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Any victim can tell you identity theft is no laughing matter. The hoops you may have to crawl through for weeks or even years to come, in trying to straighten out your life, can elicit far more tears than laughter. These tears would be most certainly tears of frustration as you do anything and everything to reinstate your good name and most probably your good credit.

Those of you who have no identity theft insurance, which means most of you, will spend at least a part of your day notifying businesses and agencies, credit reporting entities and credit card companies. You will write letters that will need to be notarized, claiming you are indeed the unwitting victim and not the architect of some nefarious plot to ruin your own reputation. Meanwhile, until the matter is cleared, you may suffer mightily as your credit score plummets and bills come due. Bills for things you never purchased.. This translates into being denied credit for products and services you really want or paying higher, penalty interest rates for having such lousy credit. You may want to check out office new social security for more.

Identity theft begins with nine little numbers. These nine numbers can mean the world to you. They are the nine digits comprising your Social Security Number, and they are as vulnerable to corruption as a politician at a lobbyist convention. Chances are your Social Security has been disseminated, accidentally or for a job. You probably have it in your wallet and on your computer. It may be crumpled up in your trash can; along with the other papers you didn’t bother shredding. With your Social Security Number and your date of birth safely in hand, an identity thief is off to the races.

These are but a few ways thieves gain access to your Social Security Number. There are even creepier ways, including Internet and database hacking. Then there is your new found lover, the Mr. or Miss Possible you met somewhere or even online. This is the person you dated, brought home and after you fell asleep they went roaming your house, rifled your desk or purse, or rummage your computer for your most intimate files. Doesn’t happen? When you discover to your chagrin someone took out a credit card with your name but at a different address, you’ll know the answer.

To an even greater extreme, your Social Security, accompanied by your date of birth can enable an identity thief to not only acquire credit in your name, but maybe a passport, which can used by or sold to some of our more unsavory members of this planet. While there is an adage that there is no such thing as bad publicity, it’s questionable whether there is anything positive about having your identity associated with a terrorist who just made the headlines on CNN.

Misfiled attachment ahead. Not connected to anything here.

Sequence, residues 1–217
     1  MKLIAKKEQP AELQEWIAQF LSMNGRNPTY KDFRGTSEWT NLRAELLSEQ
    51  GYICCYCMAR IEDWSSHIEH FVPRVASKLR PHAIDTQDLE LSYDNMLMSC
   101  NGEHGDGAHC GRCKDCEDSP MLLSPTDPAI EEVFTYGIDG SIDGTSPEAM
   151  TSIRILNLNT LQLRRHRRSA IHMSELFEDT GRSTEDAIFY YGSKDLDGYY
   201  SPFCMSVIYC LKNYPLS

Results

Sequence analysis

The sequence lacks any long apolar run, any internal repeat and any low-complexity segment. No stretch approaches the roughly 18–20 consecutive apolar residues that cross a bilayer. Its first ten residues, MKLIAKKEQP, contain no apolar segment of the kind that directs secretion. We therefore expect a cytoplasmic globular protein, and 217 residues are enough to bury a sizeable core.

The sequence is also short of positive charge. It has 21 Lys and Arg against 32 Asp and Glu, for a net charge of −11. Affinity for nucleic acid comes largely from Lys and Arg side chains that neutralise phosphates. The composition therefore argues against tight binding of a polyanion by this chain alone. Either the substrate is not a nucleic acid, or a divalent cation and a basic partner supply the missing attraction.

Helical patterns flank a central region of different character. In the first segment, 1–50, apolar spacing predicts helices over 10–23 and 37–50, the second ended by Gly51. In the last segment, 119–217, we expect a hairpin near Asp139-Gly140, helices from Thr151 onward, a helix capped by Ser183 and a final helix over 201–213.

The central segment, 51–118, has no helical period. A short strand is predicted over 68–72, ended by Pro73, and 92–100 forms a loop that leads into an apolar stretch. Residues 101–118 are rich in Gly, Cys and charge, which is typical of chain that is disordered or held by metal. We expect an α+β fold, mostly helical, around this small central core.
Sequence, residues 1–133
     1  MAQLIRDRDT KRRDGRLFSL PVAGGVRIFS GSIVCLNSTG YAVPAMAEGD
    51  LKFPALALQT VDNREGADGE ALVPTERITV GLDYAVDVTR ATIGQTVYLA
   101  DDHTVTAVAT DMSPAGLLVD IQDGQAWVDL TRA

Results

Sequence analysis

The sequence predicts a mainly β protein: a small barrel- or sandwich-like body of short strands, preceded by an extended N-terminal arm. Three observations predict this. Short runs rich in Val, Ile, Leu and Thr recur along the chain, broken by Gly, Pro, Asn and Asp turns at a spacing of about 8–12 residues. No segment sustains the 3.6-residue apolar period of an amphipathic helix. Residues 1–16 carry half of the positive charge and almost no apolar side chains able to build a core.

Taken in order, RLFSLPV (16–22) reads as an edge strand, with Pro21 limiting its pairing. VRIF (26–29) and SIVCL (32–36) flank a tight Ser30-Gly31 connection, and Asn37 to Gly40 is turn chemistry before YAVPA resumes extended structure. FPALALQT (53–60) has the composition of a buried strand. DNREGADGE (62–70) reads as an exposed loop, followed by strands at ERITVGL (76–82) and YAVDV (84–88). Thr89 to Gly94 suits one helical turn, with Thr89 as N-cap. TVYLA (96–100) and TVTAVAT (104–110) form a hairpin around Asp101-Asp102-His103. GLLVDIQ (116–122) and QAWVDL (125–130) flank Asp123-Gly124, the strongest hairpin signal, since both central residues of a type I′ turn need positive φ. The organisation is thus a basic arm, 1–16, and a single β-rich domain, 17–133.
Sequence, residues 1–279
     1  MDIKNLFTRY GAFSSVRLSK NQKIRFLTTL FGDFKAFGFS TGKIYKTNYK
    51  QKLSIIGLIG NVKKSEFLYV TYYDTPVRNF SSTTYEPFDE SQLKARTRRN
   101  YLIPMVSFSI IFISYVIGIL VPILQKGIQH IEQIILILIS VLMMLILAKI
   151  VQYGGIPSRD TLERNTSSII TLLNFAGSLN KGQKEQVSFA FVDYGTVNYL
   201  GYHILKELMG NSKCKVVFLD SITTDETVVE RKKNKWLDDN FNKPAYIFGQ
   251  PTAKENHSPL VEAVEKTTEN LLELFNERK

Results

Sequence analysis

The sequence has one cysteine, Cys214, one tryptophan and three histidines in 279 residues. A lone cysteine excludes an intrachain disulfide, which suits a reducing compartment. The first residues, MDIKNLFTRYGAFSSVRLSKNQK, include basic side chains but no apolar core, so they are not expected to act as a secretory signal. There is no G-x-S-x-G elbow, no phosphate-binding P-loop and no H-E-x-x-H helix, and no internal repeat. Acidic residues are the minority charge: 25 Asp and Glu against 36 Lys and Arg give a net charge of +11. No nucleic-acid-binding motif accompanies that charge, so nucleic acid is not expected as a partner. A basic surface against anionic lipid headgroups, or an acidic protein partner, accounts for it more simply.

Losing your identity to someone else will not only damage your credit and create all sorts of legal troubles. You can face psychological difficulties as well. Besides the task at hand to make your life whole once again, you will feel violated and abused. After all, our very identity is based on…well…our identity, and if some louse has usurped it for his own purposes, then it is understandable that until you repair the damages you feel you have lost at least a little piece of yourself. Identity theft is also embarrassing, because it will become incumbent upon you to explain to everyone that matters why your life has been rendered upside down.

Perhaps the worst part about identity theft is it may be quite awhile before you realize how much damage has been done. If someone applied for credit or ordered credit cards in your name but at a different address, months can pass before you are located and notified of your lapses by either the credit service or the collection agency they send after you. It is a rude awakening the day you get that first call and throughout the day begin to wonder what other shoes may begin to drop. More often than not, if someone secured credit in your name, they will secure more, running the limit in many cases. From that day on you are facing the grim ordeal of cleaning up the mess.

Not all identity theft will relate directly to credit acquisition and unlawful purchases. In Border States especially but no exclusively you may find undocumented workers have somehow come upon your social security number. Perhaps, again, you neglected to shred the sensitive information you dumped into your trashcan. Perhaps he bought it from one of hundreds of peddlers who sell phony documents and someone else’s Social Security Numbers to undocumented workers questing increasingly to appear like legitimate immigrants. In any event, you Social Security Number is not only used by that one undocumented worker. Chances are he has handed it out to his twelve best friends and family members. You don’t believe me? A woman called me recently to inquire as to why different names appeared on a Social Security Trace she ordered as part of a background check. It seemed odd to her that strange names would be appearing along with her employment candidate on the same document. As a favor, I ran her Social Security Number, and to her considerable chagrin, there was a male name attached to her number as well.

Can this be a problem? Often it is fairly benign and nothing comes of it. But then problems can arise, depending on your new bedfellow’s general behavior and whether he or she attempts to either get credit using your Social Security Number, or whether he or she is suddenly identified as part of a drug cartel or stolen car ring. These things do happen, and they happen when you need it least and least expect it. With the world growing increasingly crazy, what with terrorists and miscreants of every stripe the last thing you need is to be the target of a federal manhunt.